Last fall I found myself sitting on the floor listening to Dr. Andreo Spina lecture on Bioflow, and mobility, and the many other principles of his Functional Range Conditioning® platform.
I am always excited to hear great minds speak and to learn more methods to add to my treatment arsenal. And FRC® definitely gave me some additional treatment and rehab ammunition.
But what is FRC®?
Functional Range Conditoning® is a system of looking at the ranges of motion of the body in relation to what they should be. as compared to what they are currently. It goes further into joint health via the training principles. Its main tenant is mobility training: training a joint not only to access its full mobility (active range of motion) potential but then to do it safely and skillfully, and efficiently.
To help further understand FRC® it helps to fully understand the terms they use so often:
Flexibility: the PASSIVE range of motion a joint possesses (or other body tissue ie muscle).
Mobility: the ACTIVE range of motion a joint can access in movement. The amount of USEABLE movement a joint possesses.
The difference between a joint's flexibility and mobility can be referred to as the joints MOVEMENT POTENTIAL. Meaning that there is still potential in that joint for more mobility and therefore more movement.
FRC® therapy or training is designed to target the MOVEMENT POTENTIAL and turn the potential into actualized mobility for each individual. It aims to improve the efficiency, capacity, and quality of your movement.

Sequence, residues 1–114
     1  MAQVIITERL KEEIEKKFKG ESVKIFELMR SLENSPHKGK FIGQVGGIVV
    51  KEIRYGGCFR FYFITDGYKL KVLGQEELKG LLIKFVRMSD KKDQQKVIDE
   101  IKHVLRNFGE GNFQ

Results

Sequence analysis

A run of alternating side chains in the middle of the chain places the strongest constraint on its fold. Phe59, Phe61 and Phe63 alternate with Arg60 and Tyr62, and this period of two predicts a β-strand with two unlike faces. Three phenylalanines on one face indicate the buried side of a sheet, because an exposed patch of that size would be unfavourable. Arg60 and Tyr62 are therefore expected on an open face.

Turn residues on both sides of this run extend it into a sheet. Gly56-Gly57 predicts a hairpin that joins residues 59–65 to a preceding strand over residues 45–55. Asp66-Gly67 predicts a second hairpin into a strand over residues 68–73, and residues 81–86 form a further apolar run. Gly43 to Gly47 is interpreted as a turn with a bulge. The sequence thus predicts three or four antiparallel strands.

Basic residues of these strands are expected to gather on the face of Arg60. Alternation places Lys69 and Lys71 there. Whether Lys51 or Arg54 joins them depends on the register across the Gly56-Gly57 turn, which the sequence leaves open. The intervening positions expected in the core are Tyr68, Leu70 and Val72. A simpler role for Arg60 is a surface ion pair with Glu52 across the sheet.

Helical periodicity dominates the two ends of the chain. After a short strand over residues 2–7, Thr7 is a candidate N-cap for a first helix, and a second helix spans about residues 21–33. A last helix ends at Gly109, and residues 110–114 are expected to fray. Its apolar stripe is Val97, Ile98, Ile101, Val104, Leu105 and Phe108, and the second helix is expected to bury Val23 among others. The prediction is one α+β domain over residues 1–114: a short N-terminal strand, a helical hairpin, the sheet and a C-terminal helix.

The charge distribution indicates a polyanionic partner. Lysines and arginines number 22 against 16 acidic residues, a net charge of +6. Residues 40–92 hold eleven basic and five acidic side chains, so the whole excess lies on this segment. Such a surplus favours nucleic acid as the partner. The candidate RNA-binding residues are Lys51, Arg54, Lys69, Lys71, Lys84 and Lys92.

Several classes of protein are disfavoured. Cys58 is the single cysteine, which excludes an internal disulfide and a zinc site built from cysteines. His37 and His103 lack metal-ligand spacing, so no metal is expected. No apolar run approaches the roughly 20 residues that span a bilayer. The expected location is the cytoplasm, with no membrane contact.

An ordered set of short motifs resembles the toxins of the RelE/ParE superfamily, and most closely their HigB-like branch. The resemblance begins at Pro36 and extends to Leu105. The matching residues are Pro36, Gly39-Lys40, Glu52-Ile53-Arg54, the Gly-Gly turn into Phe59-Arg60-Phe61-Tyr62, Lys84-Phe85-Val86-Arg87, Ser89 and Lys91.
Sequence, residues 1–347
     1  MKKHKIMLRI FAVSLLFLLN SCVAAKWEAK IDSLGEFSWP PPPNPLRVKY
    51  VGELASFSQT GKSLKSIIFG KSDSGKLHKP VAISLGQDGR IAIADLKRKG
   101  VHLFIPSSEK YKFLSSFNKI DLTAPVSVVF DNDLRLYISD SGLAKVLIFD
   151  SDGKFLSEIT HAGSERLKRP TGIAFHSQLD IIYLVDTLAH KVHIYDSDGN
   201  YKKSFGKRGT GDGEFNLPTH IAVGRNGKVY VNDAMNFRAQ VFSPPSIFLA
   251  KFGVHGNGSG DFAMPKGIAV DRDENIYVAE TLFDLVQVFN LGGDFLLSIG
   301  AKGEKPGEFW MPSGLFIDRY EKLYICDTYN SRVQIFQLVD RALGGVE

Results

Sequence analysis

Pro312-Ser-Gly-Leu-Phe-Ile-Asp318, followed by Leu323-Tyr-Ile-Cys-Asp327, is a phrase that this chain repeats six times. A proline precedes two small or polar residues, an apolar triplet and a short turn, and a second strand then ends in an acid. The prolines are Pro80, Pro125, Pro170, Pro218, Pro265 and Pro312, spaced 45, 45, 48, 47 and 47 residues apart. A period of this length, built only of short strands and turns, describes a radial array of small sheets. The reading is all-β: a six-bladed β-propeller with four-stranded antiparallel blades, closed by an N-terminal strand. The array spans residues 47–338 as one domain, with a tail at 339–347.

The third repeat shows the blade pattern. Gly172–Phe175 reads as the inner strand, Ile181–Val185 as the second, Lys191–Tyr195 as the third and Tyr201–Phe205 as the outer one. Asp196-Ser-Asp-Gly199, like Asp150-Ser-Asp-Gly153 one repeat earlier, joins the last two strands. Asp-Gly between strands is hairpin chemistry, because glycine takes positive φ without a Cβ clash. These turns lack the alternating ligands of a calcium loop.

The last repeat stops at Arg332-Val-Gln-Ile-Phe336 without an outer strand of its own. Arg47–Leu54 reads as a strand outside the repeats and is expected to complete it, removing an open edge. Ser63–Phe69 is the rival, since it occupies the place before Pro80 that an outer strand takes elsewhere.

Joints/ cells of the body respond to force. Use it or lose it folks. If you do not implement active mobility in your training and demand that your joints work better, they won't. Simple as that.
By improving mobility you set yourself up for better joint resiliency, movement capacity, musculoskeletal health longevity, and reduced risk of injury or painful joint dysfunction.
How does this affect my treatment session?
I incorporate FRC® principles in both my treatment sessions and rehab assignments since taking this course. I find it easy to incorporate within treatment as it lends itself well to manual therapy and is an extension of joint mobilizations. It takes the passive and makes it active and the results speak for themselves. Simultaneously it is easy to assign as homework for rehab because the movements can be broken down simply and are easy to remember. Again, once seeing the results patients are eager to continue at home to further the movement gains.
Any questions with respect to FRC® or other treatments, please never hesitate to ask. Just click the link and use the contact function at the bottom of the home page!